Direct heat: A cooking method that allows heat to meet food directly, such as grilling, broiling, or toasting.
Dot: To sprinkle food with small bits of an ingredient such as butter to allow for even melting.
Dredge: To sprinkle lightly and evenly with sugar or flour. A dredger has holes pierced on the lid to sprinkle evenly.
Drizzle: To pour a liquid such as a sweet glaze or melted butter in a slow, light trickle over food.
Drippings: Used for gravies and sauces, drippings are the liquids left in the bottom of a roasting or frying pan after meat is cooked.
Dust: To sprinkle food lightly with spices, sugar, or flour for a light coating.
Entrée: A French term that originally referred to the first course of a meal, served after the soup and before the meat courses. In the United States, it refers to the main dish of a meal.
Fillet: To remove the bones from meat or fish for cooking.
Filter: To remove lumps, excess liquid, or impurities by passing through paper or cheesecloth.
Firm-ball stage: In candy making, the point where boiling syrup dropped in cold water forms a ball that is compact yet gives slightly to the touch.
Flambé: To ignite a sauce or other liquid so that it flames.
Flute: To create a decorative scalloped or undulating edge on a piecrust or other pastry.
Fold: To cut and mix lightly with a spoon to keep as much air in the mixture as possible.
Fricassee: Usually a stew in which the meat is cut up, lightly cooked in butter, and then simmered in liquid until done.
Frizzle: To cook thin slices of meat in hot oil until crisp and slightly curly.
Fry: To cook food in hot cooking oil, usually until a crisp brown crust forms.
Ganache: A rich chocolate filling or coating made with chocolate, vegetable shortening, and possibly heavy cream. It can coat cakes or cookies, and be used as a filling for truffles.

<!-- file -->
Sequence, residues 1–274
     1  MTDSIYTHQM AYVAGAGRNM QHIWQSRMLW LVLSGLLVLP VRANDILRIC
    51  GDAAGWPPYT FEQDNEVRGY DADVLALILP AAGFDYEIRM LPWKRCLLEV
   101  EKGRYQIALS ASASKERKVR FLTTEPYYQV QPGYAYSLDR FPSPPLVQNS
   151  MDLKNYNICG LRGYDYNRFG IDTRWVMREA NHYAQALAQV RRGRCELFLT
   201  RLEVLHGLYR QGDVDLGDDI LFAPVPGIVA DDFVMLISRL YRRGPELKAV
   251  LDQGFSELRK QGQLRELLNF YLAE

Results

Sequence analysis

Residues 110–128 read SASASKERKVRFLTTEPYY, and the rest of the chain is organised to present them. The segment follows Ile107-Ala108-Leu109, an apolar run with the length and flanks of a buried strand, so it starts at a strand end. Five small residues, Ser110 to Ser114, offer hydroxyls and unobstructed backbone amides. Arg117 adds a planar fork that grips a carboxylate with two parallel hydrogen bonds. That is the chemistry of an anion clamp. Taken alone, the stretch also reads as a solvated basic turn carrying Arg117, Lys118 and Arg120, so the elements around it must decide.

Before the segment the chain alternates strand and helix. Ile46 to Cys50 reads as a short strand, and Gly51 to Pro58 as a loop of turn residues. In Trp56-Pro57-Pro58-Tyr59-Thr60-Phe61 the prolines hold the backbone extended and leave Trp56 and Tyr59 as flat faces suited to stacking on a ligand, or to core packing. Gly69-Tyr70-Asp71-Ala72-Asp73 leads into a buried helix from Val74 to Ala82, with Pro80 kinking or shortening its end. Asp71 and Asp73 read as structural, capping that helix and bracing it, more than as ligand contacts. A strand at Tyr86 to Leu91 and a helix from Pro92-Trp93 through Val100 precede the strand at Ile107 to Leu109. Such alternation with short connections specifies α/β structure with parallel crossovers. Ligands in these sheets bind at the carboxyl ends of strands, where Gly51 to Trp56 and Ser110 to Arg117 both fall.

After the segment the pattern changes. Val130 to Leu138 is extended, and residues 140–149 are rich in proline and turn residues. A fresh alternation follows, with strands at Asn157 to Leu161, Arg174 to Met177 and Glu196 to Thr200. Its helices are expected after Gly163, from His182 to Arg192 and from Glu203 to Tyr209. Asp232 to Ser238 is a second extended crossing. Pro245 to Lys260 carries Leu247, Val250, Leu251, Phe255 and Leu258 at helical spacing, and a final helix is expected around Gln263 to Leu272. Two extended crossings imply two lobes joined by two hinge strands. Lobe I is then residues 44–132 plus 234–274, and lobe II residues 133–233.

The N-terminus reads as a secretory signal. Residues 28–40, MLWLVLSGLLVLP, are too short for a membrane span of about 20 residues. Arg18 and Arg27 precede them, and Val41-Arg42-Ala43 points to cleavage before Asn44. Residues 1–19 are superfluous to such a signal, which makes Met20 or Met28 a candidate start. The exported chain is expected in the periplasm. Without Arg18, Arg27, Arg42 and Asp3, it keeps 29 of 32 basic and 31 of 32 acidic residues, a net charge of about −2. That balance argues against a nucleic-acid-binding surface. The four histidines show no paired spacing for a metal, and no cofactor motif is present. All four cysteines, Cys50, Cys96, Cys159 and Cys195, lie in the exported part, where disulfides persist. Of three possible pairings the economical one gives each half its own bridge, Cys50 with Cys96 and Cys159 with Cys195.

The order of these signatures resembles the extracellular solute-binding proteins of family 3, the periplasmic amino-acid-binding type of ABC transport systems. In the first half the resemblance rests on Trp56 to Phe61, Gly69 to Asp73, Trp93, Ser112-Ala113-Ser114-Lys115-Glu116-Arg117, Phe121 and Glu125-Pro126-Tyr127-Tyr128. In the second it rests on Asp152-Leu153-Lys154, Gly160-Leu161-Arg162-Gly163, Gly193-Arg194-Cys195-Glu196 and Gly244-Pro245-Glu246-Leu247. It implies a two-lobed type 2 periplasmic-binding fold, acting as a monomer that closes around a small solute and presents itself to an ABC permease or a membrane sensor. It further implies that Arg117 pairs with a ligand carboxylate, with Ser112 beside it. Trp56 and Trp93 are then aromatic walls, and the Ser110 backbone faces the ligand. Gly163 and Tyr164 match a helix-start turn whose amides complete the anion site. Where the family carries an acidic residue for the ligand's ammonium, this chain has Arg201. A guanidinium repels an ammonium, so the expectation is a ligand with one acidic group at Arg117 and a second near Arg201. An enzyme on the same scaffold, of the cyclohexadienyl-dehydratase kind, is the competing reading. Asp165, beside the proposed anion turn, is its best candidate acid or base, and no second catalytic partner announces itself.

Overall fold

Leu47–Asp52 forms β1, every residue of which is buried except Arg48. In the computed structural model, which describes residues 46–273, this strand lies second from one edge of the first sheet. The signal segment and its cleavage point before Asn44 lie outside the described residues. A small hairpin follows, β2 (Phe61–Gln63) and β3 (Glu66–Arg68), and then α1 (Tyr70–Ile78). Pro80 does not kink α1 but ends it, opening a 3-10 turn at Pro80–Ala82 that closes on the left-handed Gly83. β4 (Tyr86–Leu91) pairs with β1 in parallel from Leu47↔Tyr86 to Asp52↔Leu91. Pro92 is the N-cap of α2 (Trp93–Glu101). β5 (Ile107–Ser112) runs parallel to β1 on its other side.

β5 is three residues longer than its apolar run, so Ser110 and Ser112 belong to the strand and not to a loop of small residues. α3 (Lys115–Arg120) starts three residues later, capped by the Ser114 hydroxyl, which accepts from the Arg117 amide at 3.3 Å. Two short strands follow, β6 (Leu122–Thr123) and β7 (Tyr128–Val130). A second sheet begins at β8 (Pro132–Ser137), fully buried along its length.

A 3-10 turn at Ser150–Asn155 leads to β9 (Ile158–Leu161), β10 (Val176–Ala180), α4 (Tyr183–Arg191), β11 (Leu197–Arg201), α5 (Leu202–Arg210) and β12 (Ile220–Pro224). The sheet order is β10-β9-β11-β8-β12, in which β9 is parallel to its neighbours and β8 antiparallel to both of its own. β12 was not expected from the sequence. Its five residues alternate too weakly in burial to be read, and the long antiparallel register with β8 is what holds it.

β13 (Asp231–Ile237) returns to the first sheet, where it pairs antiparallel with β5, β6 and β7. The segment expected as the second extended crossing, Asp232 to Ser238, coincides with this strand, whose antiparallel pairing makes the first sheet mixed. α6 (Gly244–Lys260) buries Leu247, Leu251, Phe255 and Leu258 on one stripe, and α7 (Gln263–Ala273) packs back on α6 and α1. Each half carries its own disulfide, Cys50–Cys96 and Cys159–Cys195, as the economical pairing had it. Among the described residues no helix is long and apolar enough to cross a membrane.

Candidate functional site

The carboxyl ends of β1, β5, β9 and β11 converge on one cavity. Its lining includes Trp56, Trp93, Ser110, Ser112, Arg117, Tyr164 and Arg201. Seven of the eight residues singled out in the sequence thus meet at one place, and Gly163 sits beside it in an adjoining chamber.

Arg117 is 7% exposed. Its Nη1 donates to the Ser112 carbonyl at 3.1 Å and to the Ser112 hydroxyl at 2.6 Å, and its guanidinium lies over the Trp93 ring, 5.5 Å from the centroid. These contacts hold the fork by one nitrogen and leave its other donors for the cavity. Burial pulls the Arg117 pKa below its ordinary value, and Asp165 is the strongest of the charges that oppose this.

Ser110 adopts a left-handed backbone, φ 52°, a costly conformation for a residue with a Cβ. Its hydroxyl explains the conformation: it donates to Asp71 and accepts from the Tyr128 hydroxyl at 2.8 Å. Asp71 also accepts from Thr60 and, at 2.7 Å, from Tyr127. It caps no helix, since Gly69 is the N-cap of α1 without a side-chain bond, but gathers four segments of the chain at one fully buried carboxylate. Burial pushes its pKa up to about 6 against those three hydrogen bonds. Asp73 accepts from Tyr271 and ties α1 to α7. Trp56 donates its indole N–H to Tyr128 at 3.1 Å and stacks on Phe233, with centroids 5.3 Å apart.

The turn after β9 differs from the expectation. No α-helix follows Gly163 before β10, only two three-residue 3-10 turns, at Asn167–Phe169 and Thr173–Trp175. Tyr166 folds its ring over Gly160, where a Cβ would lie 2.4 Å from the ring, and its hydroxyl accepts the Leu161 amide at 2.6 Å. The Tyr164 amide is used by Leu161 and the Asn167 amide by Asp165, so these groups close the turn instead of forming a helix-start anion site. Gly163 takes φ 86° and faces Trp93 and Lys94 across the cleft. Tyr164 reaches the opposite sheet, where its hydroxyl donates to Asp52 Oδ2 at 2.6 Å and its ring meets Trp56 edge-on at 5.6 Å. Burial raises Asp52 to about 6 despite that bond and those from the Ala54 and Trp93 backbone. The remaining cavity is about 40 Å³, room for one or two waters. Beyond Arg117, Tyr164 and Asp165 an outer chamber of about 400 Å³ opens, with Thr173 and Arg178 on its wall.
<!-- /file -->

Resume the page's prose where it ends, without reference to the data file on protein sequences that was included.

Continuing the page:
Garnish: A decorative piece of an edible ingredient such as parsley, lemon wedges, croutons, or chocolate curls placed as a finishing touch to dishes or drinks.
Glaze: A liquid that gives an item a shiny surface. Examples are fruit jams that have been heated or chocolate thinned with melted vegetable shortening. Also, to cover a food with such a liquid.
Gluten: A protein formed when hard wheat flour is moistened and agitated. Gluten is what gives yeast dough its characteristic elasticity.
Grate: To shred or cut down a food into fine pieces by rubbing it against a rough surface.
Gratin: To bind together or combine food with a liquid such as cream, milk, béchamel sauce, or tomato sauce, in a shallow dish. The mixture is then baked until cooked and set.
Grease: To coat a pan or skillet with a thin layer of oil.
Grill: To cook over the heat source (traditionally over wood coals) in the open air.
Grind: To mechanically cut a food into small pieces.
Hard-ball stage: In candy making, the point at which syrup has cooked long enough to form a solid ball in cold water.
Hull (also husk): To remove the leafy parts of soft fruits, such as strawberries or blackberries.
Ice: To cool down cooked food by placing in ice; also, to spread frosting on a cake.
Infusion: Extracting flavors by soaking them in liquid heated in a covered pan. The term also refers to the liquid resulting from this process.
Jell (also gel): To cause a food to set or solidify, usually by adding gelatin.
Julienne: To cut into long, thin strips.
Jus: The natural juices released by roasting meats.
Knead: To work dough with the heels of your hands in a pressing and folding motion until it becomes smooth and elastic.
Larding: Inserting strips of fat into pieces of meat, so that the braised meat stays moist and juicy.
Leavener: An ingredient or process that produces air bubbles and causes the rising of baked goods such as cookies and cakes.
Line: To place layers of edible (cake or bread slices) or inedible (foil or wax paper) ingredients in a pan to provide structure for a dish or to prevent sticking.
Marble: To gently swirl one food into another.
Marinate: To combine food with aromatic ingredients to add flavor.
Mash: To beat or press a food to remove lumps and make a smooth mixture.
Medallion: A small round or oval bit of meat.
Mince: To chop food into tiny, irregular pieces.
Mix: To beat or stir two or more foods together until they are thoroughly combined.
Moisten: Adding enough liquid to dry ingredients to dampen but not soak them.
Mull: To slowly heat wine or cider with spices and sugar.